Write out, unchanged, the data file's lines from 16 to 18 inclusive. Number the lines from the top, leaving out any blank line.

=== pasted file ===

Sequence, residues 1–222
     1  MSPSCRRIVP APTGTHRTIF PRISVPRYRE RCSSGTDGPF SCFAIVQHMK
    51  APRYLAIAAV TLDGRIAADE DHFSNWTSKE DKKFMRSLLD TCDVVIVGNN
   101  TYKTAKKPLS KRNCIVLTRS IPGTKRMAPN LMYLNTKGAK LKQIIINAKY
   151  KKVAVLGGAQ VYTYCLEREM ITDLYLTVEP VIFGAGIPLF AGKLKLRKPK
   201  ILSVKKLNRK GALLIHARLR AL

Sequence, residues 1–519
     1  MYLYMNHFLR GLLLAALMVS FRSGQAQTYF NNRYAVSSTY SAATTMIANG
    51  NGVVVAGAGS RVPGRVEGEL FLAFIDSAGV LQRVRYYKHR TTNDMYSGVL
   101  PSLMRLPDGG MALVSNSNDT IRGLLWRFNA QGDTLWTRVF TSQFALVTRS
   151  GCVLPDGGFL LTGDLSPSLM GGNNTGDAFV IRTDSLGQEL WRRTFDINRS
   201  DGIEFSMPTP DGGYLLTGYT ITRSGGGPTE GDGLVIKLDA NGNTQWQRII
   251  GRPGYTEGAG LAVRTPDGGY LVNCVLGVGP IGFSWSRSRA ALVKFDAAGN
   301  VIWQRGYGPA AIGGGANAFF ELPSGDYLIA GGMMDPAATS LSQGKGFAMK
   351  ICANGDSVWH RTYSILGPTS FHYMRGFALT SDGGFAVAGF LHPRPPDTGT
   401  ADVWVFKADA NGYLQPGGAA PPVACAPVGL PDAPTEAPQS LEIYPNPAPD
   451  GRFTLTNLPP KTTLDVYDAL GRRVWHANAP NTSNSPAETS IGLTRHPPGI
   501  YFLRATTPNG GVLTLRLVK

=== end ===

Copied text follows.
   401  ADVWVFKADA NGYLQPGGAA PPVACAPVGL PDAPTEAPQS LEIYPNPAPD
   451  GRFTLTNLPP KTTLDVYDAL GRRVWHANAP NTSNSPAETS IGLTRHPPGI
   501  YFLRATTPNG GVLTLRLVK